Updated: Jul 2, 2021
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There are numerous instances, in civilisation, if not of active 'body snatching' but of its prohibition. However, advancements in anatomical science were not to be constrained by reverence for the dead! In the sixteenth century, corpses of unclaimed criminals and indigents were granted to surgeons to perform dissections, though this was so sparingly that little progress in anatomy was made. An absence of corpses resulted in ‘body snatching’, a morbid practice adopted by Burke and Hare in the West Port of Edinburgh.
William Burke was born in 1792 in the Parish of Orrey, County Tyrone, Ireland. Following the disbandment of the Donegal Militia and a dispute over the sub-tenancy of land with his father-in-law, Burke emigrated to Scotland. He arrived in 1818 and promptly met his partner Helen McDougal. William Hare was also native to Ireland and of a similar age to Burke. With little education, Hare had a brutal temper and was described as ‘particularly unbearable’ when he consumed liquor!
The duo met when Burke and McDougal moved into accommodation in Tanner’s Close in Edinburgh’s West Port. In 1827, Hare’s tenant, an army pensioner known as Old Donald passed away, leaving an outstanding rent sum of four pounds. Hare, anxious to recoup the debt, proposed that Old Donald’s corpse should be sold to a surgeon, promising Burke a share of the proceeds. The coffin, which had been screwed down, was opened and the corpse was substituted with tanning bark. Hare was compensated seven pounds and ten shillings by Dr Robert Knox, an anatomy lecturer at The University of Edinburgh, in Surgeons Square.
The success of Burke and Hare’s first transaction was an easy method of attaining a comfortable livelihood however it led to impatience, as the duo decided to smother a tenant named Joseph who was dying from a fever (albeit too slowly). The method they used (Hare suffocated the victim whilst Burke lay across the upper torso to restrict movement and expansion of the chest) was forensically undetectable and left the corpse in pristine condition. The corpse was sold in Surgeon’s Square for ten pounds to Dr Robert Knox, who noted the ‘freshness’ of the corpse but did not ask any questions!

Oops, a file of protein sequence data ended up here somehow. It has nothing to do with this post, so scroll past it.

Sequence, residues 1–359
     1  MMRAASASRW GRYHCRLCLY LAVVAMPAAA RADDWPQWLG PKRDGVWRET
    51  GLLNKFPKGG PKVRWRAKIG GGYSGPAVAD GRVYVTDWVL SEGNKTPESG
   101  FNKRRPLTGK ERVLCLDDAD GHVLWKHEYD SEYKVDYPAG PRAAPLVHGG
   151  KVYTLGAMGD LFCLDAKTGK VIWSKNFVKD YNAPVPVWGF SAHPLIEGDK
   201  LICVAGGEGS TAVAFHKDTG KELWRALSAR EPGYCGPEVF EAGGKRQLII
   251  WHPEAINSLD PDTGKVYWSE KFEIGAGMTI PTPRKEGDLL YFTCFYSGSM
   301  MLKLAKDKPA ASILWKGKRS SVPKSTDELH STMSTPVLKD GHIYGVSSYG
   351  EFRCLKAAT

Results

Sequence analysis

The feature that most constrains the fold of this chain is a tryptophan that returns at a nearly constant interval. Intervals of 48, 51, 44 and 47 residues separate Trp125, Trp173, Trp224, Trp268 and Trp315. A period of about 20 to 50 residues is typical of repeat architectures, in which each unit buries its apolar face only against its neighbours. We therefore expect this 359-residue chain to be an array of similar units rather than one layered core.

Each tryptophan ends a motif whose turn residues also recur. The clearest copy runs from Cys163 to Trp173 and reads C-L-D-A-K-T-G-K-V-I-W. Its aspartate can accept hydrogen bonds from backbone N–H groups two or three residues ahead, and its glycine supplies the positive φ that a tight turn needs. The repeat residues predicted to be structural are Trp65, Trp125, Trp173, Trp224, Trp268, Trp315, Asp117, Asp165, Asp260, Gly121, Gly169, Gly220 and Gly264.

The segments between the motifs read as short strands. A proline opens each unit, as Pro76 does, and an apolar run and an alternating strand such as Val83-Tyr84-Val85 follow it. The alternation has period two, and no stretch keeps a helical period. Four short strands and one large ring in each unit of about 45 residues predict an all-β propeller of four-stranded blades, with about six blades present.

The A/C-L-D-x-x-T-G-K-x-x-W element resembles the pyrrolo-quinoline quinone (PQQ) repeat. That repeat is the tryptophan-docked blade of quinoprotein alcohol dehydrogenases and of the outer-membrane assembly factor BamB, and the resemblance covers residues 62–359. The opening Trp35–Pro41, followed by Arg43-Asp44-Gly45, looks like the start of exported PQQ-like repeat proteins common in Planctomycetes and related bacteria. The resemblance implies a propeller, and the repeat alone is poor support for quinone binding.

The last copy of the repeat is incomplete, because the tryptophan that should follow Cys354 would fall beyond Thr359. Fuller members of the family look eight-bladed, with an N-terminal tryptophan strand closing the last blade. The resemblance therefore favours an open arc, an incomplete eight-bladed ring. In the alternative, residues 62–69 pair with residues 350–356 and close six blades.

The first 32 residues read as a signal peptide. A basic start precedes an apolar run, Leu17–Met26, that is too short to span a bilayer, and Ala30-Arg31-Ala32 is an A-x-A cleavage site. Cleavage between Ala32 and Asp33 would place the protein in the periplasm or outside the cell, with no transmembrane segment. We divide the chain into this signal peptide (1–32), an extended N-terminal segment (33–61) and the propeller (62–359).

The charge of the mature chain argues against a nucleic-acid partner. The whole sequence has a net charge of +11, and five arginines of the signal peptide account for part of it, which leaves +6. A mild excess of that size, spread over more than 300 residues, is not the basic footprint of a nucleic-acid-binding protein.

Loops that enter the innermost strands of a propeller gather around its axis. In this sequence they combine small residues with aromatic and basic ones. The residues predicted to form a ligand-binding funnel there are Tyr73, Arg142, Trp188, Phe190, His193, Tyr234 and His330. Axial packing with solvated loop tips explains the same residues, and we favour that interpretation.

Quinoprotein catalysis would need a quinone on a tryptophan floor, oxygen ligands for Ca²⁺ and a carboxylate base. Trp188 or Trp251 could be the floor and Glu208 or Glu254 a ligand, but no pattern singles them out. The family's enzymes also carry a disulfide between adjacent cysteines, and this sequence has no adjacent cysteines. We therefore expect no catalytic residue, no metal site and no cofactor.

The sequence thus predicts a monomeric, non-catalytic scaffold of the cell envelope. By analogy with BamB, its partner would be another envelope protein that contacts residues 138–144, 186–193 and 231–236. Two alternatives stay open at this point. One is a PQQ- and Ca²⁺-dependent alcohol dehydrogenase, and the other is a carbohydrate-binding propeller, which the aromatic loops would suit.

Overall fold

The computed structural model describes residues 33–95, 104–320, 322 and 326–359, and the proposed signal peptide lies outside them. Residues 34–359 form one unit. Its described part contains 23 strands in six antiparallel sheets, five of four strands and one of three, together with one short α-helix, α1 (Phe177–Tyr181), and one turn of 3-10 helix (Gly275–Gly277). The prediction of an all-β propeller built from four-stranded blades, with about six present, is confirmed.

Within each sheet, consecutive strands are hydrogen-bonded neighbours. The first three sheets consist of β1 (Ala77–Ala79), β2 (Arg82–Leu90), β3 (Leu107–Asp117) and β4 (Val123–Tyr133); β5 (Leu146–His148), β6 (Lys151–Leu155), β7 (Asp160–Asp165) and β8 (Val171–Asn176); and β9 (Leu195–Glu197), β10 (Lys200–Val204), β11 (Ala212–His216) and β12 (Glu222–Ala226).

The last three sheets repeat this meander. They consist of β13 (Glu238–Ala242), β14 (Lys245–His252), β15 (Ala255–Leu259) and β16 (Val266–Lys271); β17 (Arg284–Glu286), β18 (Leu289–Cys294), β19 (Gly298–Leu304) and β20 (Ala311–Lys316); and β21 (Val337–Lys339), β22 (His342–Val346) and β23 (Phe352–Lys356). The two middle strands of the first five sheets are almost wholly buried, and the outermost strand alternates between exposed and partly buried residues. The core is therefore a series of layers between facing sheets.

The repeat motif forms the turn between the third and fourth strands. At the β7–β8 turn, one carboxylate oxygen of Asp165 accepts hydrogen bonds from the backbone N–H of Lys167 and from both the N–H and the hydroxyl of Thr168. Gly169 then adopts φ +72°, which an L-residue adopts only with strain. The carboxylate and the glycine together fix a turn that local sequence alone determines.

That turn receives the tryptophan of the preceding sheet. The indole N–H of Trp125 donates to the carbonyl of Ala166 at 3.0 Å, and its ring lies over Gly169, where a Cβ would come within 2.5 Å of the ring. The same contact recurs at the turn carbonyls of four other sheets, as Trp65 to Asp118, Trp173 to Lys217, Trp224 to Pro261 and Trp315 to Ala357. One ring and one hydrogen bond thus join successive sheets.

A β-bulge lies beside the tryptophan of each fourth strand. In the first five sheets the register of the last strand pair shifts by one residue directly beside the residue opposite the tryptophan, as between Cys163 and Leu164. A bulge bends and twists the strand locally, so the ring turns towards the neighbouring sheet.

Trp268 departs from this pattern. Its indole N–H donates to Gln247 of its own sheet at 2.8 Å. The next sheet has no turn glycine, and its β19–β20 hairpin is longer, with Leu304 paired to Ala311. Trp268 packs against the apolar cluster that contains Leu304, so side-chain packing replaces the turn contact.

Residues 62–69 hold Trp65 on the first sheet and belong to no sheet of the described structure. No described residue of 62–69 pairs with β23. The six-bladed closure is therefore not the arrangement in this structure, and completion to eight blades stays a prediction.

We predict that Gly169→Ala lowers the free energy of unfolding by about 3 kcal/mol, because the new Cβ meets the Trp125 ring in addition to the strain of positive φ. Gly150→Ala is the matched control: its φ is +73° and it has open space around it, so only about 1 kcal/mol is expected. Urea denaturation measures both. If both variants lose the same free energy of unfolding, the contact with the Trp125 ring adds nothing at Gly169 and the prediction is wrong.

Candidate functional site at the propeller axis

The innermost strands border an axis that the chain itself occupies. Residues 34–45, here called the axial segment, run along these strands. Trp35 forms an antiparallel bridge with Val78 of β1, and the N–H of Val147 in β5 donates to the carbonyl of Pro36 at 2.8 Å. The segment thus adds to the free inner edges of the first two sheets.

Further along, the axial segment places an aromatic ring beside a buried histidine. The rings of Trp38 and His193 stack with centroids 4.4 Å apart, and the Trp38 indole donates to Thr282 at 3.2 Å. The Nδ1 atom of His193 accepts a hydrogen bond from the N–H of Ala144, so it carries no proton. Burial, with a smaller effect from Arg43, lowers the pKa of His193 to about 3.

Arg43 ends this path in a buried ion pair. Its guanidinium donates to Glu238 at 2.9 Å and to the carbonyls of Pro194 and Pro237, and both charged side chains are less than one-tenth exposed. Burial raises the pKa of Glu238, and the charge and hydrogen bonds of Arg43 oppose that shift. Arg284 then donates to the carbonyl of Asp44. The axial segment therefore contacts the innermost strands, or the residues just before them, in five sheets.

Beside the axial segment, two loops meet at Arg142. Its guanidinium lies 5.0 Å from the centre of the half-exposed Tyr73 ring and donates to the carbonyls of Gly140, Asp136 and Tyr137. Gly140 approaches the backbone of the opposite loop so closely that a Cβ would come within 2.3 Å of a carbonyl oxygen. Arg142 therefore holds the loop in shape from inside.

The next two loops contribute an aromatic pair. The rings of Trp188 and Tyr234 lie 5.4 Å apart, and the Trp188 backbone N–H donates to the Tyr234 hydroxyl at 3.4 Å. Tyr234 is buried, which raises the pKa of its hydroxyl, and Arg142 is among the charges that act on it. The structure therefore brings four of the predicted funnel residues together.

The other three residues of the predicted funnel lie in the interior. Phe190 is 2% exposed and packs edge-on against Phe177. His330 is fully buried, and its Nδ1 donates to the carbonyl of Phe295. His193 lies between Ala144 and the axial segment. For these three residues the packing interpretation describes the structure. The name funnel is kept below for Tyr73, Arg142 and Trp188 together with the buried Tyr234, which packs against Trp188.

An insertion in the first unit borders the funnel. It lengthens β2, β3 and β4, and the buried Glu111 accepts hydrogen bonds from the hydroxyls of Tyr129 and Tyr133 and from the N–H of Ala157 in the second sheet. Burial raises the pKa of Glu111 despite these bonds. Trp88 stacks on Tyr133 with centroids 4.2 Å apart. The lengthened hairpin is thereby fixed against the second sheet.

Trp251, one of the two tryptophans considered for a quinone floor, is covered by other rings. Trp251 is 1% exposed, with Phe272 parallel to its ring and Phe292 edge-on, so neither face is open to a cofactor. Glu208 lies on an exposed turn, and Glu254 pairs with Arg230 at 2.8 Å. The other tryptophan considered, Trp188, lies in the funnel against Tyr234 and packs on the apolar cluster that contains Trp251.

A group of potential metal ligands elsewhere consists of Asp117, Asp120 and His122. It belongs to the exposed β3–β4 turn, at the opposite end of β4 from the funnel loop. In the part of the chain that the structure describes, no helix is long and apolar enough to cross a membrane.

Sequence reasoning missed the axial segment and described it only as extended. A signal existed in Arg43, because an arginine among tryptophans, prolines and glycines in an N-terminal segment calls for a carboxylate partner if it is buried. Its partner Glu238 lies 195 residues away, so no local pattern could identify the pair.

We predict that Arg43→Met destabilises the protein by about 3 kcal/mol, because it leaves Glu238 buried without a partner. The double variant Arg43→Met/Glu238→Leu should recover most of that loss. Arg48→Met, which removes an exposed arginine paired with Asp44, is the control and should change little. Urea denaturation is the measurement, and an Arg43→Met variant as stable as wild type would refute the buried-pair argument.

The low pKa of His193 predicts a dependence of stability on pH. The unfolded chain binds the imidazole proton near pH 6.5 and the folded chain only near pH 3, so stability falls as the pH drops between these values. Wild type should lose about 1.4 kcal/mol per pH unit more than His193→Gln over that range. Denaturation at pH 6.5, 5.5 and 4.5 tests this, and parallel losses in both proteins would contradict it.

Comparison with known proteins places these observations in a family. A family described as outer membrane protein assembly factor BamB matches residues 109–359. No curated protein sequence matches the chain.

Abigail Simpson, was a pensioner who travelled from Gilmerton to Edinburgh to supplement her pension by selling salt. She was intoxicated when she entered into a conversation with William Hare, who greeted her like an old friend, in a Grassmarket bar in 1828. Simpson was invited to his accommodation, where she was plied with enough liquor to prevent her return home, strangled and stored in a tea-chest to transfer her corpse to Dr Knox.
William Burke encountered Mary Paterson and Janet Brown while drinking in Canongate and invited them to Constantine Burke’s (his brother's) house to finish the two bottles of whisky he had purchased. Following a violent outburst between McDougal and William, Janet Brown escaped and Mary Paterson was killed in her sleep. Several of Knox’s students were said to have recognised Mary’s corpse and asked how she died, to which Burke replied ‘the girl had drunk herself to death’.
In total, Burke and Hare are said to have smothered and strangled at least sixteen people, the last of whom was Margaret Docherty. Margaret was lured into Burke’s accommodation under the pretext that she was a relation of his mother, who had been a Docherty. Existing tenants, Ann and James Gray, who were an inconvenience to the men, were paid to stay at Hare’s for the night. Margaret Docherty was smothered and her corpse was stored in a pile of straw in the bedroom. When the Grays returned, they searched the straw and found Docherty’s corpse. They refused to accept a bribe from Helen McDougal and reported the death to the police.
Burke and his partner Helen were charged with Margaret Docherty’s death in December, 1828. Burke received two additional charges for the deaths of Mary Patterson and James Wilson and was hanged at Lawnmarket. Ironically, his body was donated to anatomical science and his skeleton remains on display at Surgeon’s Hall, alongside his death mask and a pocketbook bound in his skin. Hare, despite his involvement, turned king’s evidence and was granted immunity in 1829 before crossing the border to England. Dr Knox was cleared of his involvement, though his reputation as a surgeon was destroyed.